June Skinner Sawyers, |
Celtic Music: A Complete Guide
(Aurum Books, 2000)
This is a book that I found completely by accident after many months of seeking out any publications on folk music. It is a magical volume that will definitely lead me on to others.
The chapter headings alone will make the seeker of Celtic folk truth drool. "What is Celtic Music" is the first of these and it takes on the task of answering its own question with gusto. Other chapters include "Ancient Roots" and "Language of Angels," both of which are self-explanatory.
The chapter titled "Country Hearts -- Celtic Ways" is an exploration of the music taking in religion, bluegrass and "the long lonesome highway." "Full Force Gaels" brings us through the evolution of Celtic music in the modern world from Planxty to U2. An idea of how comprehensive the book is can be gleaned from some artists featured. These include Black 47 (my hometown Wexford connection here with Larry Kirwan), Eric Bogle and the Clancy Brothers.
Each chapter ends with a fascinating list of recommended listening that I found invaluable and also frustrating as I realised how many CDs I have missed and will have to try to seek out. To add to this potentially expensive desire the author adds a list of 100 essential albums in her Celtic Music Library slot.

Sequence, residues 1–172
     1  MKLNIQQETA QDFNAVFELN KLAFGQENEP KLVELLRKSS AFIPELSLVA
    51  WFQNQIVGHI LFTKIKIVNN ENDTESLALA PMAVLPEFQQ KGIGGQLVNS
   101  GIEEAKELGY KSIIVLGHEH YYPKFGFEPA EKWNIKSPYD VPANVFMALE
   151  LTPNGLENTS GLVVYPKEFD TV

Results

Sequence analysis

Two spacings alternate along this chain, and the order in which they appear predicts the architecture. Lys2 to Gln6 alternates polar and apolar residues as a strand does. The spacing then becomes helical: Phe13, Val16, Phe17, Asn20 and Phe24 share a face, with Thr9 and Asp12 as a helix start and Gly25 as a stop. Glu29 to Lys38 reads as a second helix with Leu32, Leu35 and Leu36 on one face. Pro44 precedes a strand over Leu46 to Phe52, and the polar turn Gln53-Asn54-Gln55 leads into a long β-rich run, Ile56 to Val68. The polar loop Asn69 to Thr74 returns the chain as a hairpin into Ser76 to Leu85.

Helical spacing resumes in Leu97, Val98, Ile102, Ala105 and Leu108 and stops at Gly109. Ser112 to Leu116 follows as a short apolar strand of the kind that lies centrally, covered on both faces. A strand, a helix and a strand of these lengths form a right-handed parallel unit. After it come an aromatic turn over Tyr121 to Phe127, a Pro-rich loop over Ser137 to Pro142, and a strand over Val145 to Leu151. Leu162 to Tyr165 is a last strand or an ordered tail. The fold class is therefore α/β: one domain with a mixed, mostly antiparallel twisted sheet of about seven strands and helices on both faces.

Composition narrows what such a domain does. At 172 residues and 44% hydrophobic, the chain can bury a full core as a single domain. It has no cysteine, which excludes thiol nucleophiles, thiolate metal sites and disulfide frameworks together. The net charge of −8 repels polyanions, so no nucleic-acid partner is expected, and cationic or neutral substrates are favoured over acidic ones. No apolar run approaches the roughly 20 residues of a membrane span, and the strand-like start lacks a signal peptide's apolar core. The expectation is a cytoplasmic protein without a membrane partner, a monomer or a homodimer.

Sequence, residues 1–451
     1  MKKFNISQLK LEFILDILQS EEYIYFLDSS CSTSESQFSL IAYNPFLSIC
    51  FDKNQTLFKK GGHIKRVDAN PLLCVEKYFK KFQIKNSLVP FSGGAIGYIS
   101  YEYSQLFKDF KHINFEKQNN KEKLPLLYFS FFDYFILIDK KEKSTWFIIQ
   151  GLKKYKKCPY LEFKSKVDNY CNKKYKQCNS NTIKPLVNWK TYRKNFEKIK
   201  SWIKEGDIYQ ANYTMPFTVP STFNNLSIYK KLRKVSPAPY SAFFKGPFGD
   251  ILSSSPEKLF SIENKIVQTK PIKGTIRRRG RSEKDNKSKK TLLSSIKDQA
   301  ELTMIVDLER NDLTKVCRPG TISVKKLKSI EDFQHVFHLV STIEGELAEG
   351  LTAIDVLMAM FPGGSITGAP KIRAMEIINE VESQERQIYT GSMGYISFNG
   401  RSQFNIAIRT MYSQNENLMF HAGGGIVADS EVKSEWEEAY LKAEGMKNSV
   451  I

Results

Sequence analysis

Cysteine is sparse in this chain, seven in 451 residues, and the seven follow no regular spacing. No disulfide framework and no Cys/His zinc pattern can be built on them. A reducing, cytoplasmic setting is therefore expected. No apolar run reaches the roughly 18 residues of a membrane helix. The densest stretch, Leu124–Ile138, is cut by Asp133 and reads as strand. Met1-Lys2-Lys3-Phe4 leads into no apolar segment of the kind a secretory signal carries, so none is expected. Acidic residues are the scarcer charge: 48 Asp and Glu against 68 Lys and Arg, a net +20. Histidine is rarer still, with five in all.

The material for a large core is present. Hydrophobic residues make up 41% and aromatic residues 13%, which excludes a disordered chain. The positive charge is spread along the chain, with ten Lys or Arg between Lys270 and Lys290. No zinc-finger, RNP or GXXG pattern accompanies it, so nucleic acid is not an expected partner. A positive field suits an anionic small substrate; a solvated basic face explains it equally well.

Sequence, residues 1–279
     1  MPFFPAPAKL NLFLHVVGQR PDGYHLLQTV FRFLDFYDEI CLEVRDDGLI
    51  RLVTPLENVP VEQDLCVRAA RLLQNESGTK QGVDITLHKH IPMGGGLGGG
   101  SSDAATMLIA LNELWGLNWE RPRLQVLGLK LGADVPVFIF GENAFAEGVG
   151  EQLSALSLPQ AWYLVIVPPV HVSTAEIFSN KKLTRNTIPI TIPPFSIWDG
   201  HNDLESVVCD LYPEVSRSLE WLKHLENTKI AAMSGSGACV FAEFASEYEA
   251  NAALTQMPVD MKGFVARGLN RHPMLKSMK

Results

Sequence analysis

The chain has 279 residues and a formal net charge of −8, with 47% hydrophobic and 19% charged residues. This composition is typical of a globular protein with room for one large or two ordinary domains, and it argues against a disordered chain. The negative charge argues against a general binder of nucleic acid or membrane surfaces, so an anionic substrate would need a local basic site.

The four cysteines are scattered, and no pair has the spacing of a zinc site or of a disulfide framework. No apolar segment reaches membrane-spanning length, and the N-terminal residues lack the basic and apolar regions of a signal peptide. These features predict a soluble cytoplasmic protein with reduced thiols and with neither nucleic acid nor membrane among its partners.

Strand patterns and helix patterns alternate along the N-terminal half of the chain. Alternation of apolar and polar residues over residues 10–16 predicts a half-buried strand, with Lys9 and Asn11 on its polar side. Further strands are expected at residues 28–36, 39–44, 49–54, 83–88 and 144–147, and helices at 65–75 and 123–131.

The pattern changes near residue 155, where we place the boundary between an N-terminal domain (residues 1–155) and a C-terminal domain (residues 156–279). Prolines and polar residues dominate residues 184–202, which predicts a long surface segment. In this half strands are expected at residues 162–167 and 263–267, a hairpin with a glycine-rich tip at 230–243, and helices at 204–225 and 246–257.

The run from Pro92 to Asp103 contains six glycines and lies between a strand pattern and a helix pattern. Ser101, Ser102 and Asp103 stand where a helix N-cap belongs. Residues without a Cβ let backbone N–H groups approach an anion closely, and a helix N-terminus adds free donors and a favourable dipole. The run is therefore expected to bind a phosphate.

To add to the fabulous amount of information contained in its 316 pages, Sawyers points the reader to a storehouse of resources. These include websites (sadly, she missed Rambles), record stores, mail order outlets, magazines, associations and societies. All of these have addresses and, where possible, web addresses. In addition there are pages of references and further reading which list hundreds of books on the subject.
This is a book that I will treasure for decades to come and which will probably lead me to bankruptcy as I try to source and purchase all the albums and books listed that I never even knew existed. This book is an inspiration even if you only use it to acquaint yourself with the wide range of music that is out there.
The well-written and often very concise chapters are great to read straight through, to dip into or to use for reference.
Do not leave this book off your shelves even if you prefer listening to music rather than reading about it. Well-done to Aurum for an excellent publication.
[ by Nicky Rossiter ]